The Height of Summer In The Garden


The placement of our vegetable garden was such because it had the widest area of open space but also because it let the most sunlight in below the canopy of the trees. This area just so happened to be at the very front of our yard near the street, not exactly the most ideal spot but it works out. While it has a lot of sun it also gets some shade which I think has benefited the garden during the heat of the summer. Full sun for plants during the height of Texas heat isn’t very good, so a dose of shade through some of the rougher parts of the day works in favor for the plants. I think it has helped out with the vegetables so far, but we’ll have to see how it continues on because we still have the rest of July, August and September to contend with. September for many folks means a cool off—not so for Texas. It continues being summer right on through then.

yellowruffled2
I’m very happy to see large fruits of Yellowed Ruffled tomatoes forming.

yellowruffled

tomatoflowers

tomatoes

tithonia
The tithonia…oh, the tithonia! I am loving them so much! My only problem is they are drowning out the Texas mountain laurel so I’ll have to remember to plant them elsewhere next year. I might even have to prune one out so the mountain laurel can get some more sun.

squash
The perpetually non-fruiting squash that continues to grow gigantic.

okraleaf
The okra are putting out some giant leaves! I’m growing three varieties, I think Stewarts Zee Best, Hill Country Red, and Fife Creek. Maybe an Eagle Pass thrown in there, not sure. A couple of nights ago I cooked up my first harvest, fried it up in some olive oil—-oh so good!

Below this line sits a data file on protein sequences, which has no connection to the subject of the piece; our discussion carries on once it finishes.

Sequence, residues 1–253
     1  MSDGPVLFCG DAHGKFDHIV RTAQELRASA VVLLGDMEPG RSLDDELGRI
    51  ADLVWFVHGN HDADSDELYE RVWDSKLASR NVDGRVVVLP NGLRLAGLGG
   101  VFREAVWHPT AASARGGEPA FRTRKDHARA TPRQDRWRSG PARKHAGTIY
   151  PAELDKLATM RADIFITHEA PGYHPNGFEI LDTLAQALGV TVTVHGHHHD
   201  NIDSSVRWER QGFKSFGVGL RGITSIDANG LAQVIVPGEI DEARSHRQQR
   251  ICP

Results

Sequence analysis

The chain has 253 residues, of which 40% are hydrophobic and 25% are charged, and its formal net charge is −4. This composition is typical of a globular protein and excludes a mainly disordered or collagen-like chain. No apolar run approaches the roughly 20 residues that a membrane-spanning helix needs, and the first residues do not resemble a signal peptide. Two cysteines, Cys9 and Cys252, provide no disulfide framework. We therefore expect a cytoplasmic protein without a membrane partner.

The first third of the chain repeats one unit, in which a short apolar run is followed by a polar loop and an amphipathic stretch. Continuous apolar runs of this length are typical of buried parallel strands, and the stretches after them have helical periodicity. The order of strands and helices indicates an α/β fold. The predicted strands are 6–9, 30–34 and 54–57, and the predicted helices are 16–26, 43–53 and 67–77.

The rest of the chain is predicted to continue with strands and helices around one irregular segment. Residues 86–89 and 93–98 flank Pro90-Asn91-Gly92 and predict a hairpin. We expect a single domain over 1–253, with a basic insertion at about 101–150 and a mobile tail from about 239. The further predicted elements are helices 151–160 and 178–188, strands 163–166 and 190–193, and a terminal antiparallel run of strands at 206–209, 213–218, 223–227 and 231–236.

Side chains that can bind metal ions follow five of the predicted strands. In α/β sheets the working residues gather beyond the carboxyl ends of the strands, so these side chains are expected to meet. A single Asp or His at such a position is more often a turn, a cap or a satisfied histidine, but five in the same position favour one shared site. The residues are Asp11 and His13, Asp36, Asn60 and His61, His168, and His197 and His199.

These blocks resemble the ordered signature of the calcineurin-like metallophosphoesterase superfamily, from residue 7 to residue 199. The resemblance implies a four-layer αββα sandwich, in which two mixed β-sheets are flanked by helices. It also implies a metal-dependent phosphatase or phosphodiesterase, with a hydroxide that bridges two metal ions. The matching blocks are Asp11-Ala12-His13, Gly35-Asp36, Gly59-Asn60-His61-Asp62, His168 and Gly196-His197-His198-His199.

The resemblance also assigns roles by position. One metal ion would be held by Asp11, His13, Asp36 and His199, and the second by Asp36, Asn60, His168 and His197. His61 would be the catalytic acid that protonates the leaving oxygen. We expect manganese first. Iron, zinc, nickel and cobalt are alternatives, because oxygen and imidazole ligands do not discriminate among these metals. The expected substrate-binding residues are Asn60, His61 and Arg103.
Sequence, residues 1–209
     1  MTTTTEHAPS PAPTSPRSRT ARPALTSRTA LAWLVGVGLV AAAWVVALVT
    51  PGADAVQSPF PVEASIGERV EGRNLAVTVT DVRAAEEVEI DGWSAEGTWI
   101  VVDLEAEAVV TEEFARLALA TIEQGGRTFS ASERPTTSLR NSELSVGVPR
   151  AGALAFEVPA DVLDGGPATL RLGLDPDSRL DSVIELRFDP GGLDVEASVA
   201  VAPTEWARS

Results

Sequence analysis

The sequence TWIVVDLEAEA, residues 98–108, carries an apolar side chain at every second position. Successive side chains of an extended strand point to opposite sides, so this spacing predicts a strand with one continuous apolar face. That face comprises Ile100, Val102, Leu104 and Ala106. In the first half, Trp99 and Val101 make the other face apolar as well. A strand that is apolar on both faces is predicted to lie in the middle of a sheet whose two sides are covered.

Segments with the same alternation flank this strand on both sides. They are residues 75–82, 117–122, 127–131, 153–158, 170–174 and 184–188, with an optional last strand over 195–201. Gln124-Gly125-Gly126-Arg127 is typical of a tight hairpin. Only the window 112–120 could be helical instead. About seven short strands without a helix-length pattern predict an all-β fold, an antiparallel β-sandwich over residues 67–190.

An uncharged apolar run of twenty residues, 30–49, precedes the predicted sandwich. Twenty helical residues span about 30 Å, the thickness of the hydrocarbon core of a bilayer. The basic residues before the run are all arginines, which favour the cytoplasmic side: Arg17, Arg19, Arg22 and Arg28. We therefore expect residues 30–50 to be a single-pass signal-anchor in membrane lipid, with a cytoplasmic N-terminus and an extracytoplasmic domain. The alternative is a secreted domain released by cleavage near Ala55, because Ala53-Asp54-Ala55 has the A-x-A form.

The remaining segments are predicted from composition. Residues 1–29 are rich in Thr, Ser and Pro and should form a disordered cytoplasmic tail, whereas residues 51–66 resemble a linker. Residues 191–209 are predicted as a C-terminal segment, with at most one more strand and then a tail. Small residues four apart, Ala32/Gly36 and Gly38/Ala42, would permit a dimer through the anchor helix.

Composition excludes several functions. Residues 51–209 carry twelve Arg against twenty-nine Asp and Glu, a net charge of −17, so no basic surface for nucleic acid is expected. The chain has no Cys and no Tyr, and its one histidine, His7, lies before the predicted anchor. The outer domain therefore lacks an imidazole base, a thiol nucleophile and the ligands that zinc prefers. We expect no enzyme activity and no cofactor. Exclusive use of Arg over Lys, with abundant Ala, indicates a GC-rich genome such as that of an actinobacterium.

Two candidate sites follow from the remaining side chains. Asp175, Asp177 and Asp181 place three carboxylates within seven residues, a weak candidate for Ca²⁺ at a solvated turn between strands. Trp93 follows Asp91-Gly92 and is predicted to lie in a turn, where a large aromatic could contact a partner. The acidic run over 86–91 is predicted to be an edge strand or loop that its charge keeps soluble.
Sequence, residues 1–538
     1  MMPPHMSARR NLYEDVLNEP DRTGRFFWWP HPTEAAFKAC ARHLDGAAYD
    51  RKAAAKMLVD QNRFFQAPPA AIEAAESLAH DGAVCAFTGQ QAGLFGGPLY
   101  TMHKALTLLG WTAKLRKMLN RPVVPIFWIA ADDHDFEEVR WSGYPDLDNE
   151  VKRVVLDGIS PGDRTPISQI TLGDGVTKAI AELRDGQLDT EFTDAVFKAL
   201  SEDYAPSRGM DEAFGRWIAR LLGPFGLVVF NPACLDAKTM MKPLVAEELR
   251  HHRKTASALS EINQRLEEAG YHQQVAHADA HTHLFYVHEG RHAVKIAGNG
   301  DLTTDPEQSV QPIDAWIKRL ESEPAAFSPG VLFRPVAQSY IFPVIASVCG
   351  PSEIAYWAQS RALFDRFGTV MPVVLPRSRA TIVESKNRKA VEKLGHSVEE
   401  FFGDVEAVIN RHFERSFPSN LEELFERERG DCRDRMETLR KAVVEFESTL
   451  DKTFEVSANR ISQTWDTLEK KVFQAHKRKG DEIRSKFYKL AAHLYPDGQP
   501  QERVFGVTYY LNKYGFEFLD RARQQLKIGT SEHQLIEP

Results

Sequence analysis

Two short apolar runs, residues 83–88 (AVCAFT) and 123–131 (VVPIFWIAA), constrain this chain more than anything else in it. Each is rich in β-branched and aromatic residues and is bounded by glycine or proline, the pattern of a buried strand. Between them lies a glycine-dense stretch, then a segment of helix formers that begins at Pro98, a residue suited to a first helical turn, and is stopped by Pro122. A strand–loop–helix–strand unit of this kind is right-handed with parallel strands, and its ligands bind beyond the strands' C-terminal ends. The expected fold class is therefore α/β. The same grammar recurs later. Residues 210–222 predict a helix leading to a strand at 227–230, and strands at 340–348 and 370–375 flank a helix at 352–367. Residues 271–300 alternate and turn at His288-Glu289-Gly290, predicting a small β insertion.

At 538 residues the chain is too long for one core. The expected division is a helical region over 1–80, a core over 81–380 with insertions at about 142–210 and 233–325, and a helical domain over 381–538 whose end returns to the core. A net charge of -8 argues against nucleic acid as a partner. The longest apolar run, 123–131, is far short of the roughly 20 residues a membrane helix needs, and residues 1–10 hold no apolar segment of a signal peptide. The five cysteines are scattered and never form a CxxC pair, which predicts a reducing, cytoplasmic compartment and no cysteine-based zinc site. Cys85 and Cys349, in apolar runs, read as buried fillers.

okraforest

okra2

okra

melonbed
Beans in the front, melons in the back. Which if you think about it makes perfect sense for a garden mullet!

melon
If pollination was successful I think this will be a Bidwell Casaba melon. Very, very tasty and excellent frozen. I froze a bunch last year for smoothies.

galapagos
I think the cool front last week helped set some more fruit on the tomatoes, so I am happy that I’ll be extending my tomato season a bit.

fantomdulaos
Fantome du Laos tomato.

cowpeas
And my cowpeas which I thought were going to be bushing but are so obviously not are on their own and will have to climb over each other. I did stake two up that kept falling over but far they seem to be cooperating.

corn2
The corn is forming ears.

corn

ceylonred

Montana Popping Amaranth
The Montana popping amaranth is doing well but being eaten but something. Grasshoppers perhaps or maybe a potato beetle….not sure on that as I haven’t taken a close up of the bugs themselves, but the beetle is striped like a potato beetle. Either way the plant is surviving so far.

Lots going on and I didn’t even show you the beans and winter squash!

Drop by Sprout Dispatch today to check out my night blooming cereus photos but also on Wednesday for our Summer Garden Tour!

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4 thoughts on “The Height of Summer In The Garden

  1. Lemomgrass says:

    Great garden!! Your okra have me thinking I need to take a closer look at mine. They have not flowered yet. I love okra soooo much. Everythings looks healthy. I have some cowpeas recently germinated but looks great. I am hoping am able to least make a pot of soup from them. Amaranth grows like crazy in Grenada. I love adding the young leaves to my smoothies. Enjoy your garden.

  2. Francine says:

    What a great garden. I hope I get SOMETHING this year to encourage me to plant more!

  3. Elizabeth says:

    What do you think the deal is with your squash? I only have a few vines left. Tore most of them out in anger after the SVB began waging war.

  4. chel says:

    so much to see! This is so inspiring.

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